House of One, (...) is therefore a strong gesture coming from an idea of the Protestant community wanting to share the site with the other two Abrahamic faiths, rather than build a new church.
So, there is a particular reason why House of One is in this city, and in such a specific place like Petriplatz.
SM: Yes, indeed. The project will be built on the foundations of St. Petri Church, a 19th-century building that was demolished by the East German government in 1964. The first church on that site was built in 1230, it was the first documented site in the city of Berlin, so it was a central and historically important site. As mentioned before, the Protestant community to whom the property was to be returned after reunification decided to involve the other two communities. Together, they conceived an inter-religious house for the three Abrahamic religions. Our idea, which was chosen for this unusual project through an architectural competition, starts precisely from this context: the outline of the new building follows the old foundations that are still on the site and on which it stands ideally but also physically.
What does it mean for a designer to build a place of worship?
WK: I don't think there is a precise answer. In this specific case, the decision to build on the foundations is linked to the idea that a place of worship located in this specific area will have to establish a relationship with the previous place of worship – the very first medieval church in the city. The project involves not only a church but also a space that brings together three religions, which means that dialogue has to be established through space. In our opinion, the relationship space we have designed – the space in the middle of the structure, which brings together synagogue, church, and mosque as if they were buildings around a city square – becomes decisive. This concept makes the interior of the building an urban place. From the outset we designed a solid masonry building identical inside and out, making the interior walls of the exposed brick facades the same as the exterior. This principle of authentic, bare masonry can also be found in the three places of worship, which differ from each other in the dramaturgy of natural light, which varies from mosque to synagogue to church, creating three different environments.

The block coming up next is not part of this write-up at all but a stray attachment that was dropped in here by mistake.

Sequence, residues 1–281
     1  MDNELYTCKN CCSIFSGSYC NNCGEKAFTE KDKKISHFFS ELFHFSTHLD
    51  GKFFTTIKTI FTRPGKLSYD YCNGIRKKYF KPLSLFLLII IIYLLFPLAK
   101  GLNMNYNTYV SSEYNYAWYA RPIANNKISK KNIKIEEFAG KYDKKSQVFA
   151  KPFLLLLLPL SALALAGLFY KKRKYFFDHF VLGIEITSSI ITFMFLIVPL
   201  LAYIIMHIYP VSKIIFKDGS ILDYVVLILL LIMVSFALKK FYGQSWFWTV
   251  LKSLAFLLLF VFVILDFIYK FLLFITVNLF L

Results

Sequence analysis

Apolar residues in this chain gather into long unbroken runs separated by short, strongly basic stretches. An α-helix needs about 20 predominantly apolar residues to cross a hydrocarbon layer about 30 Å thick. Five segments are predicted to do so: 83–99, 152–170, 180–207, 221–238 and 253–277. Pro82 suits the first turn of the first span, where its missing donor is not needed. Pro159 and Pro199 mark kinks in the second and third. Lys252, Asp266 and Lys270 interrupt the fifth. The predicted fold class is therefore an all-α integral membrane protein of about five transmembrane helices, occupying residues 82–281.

What was the criterion for designing House of One?
SM: The sequence of spaces follows the principle of multiplicity in one unit, and at the same time heterogeneity in one building. The rituals are different and not mixed, but the building is built with the aim of being universal. For us designers, it is interesting to render this intercultural and universal perspective in terms of construction. We also see the task of architecture in this tension between the specific and the generic. The concept on which the House of One is based is dialogue, and to start a dialogue, a debate, you need to know the other person and their way of thinking. As well as becoming a place of worship, this project is also creating an educational centre for everyone, especially agnostics and laypeople.
The building has been financed, and work will start soon; what are the timeframes and expectations for such an ambitious project that goes way beyond architecture?
JK: The construction site started in May 2021, and will last at least two years. We hope it will become an exportable model of dialogue between communities in a dimension of diversity, where different identities come into contact with each other, in a space that preserves their peculiarities but at the same time brings them together. It is precisely around this idea that The House of One has been designed.